In recent years, a widespread consensus has emerged about the necessity of establishing bridges between quantitative and qualitative approaches to empirical research in political science. In this article, we discuss the use of the synthetic control method as a way to bridge the quantitative/qualitative divide in comparative politics. The synthetic control method provides a systematic way to choose comparison units in comparative case studies. This systematization opens the door to precise quantitative inference in small-sample comparative studies, without precluding the application of qualitative approaches. Borrowing the expression from Sidney Tarrow, the synthetic control method allows researchers to put 'qualitative flesh on quantitative bones.' We illustrate the main ideas behind the synthetic control method by estimating the economic impact of the 1990 German reunification on West Germany.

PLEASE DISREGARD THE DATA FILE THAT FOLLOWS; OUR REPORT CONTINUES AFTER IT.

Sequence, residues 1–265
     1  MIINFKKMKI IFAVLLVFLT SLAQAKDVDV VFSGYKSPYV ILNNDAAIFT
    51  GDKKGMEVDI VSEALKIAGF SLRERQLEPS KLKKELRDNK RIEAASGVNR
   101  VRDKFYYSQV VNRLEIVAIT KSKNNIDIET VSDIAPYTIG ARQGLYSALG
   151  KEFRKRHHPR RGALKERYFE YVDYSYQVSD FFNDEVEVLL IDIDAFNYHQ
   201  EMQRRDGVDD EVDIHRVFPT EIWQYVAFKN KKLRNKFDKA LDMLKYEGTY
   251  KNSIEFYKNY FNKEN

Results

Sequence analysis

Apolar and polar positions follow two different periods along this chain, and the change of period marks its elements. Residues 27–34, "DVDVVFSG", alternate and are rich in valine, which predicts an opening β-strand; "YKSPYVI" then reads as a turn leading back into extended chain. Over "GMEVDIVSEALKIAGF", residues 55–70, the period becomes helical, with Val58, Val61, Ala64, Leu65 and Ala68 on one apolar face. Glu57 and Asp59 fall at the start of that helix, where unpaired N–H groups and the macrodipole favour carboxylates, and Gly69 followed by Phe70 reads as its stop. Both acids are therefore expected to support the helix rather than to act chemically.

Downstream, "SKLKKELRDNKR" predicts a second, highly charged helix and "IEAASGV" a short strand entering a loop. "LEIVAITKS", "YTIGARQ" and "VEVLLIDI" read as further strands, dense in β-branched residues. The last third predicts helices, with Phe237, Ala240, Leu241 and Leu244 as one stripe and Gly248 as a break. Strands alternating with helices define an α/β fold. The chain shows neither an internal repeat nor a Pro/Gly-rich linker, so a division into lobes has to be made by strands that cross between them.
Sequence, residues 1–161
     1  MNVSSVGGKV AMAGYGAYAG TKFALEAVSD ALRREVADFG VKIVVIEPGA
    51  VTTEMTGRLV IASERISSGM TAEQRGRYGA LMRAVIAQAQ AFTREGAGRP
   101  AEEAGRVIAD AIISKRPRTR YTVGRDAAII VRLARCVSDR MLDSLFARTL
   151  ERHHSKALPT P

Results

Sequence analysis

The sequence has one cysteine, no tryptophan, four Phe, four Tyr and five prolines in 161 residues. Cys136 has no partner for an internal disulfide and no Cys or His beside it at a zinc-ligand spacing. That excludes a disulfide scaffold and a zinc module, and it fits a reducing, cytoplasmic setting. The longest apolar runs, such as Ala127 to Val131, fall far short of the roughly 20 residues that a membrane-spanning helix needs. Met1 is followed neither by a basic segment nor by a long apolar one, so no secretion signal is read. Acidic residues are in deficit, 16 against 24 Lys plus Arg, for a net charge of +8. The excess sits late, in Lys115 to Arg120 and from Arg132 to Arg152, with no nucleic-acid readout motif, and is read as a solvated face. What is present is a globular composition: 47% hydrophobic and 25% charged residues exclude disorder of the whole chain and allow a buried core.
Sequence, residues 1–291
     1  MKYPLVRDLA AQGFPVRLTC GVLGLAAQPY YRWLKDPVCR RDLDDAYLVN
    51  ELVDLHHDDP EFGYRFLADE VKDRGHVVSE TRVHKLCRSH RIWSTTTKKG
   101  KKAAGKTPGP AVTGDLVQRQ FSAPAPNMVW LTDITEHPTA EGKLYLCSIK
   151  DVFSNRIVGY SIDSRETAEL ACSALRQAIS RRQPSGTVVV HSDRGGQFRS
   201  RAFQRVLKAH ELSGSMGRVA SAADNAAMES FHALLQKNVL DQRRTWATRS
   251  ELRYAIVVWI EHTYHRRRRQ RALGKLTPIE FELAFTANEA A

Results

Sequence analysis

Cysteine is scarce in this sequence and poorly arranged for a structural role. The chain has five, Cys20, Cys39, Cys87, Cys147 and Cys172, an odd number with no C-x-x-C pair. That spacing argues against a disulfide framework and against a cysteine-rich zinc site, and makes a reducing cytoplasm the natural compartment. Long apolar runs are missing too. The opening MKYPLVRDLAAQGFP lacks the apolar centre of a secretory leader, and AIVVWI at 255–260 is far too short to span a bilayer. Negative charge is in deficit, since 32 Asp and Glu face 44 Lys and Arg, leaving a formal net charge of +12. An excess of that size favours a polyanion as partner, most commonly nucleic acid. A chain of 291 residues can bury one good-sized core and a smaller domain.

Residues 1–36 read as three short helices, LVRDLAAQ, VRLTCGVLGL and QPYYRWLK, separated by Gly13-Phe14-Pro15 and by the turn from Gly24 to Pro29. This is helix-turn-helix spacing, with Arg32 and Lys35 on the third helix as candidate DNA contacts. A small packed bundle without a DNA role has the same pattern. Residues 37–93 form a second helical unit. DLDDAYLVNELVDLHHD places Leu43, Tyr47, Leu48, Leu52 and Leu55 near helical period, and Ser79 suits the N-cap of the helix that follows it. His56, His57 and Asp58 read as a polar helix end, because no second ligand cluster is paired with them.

Abadie, Alberto, Alexis Diamond, and Jens Hainmueller. "Comparative Politics and the Synthetic Control Method." American Journal of Political Science 59.2 (April 2015): 495-510.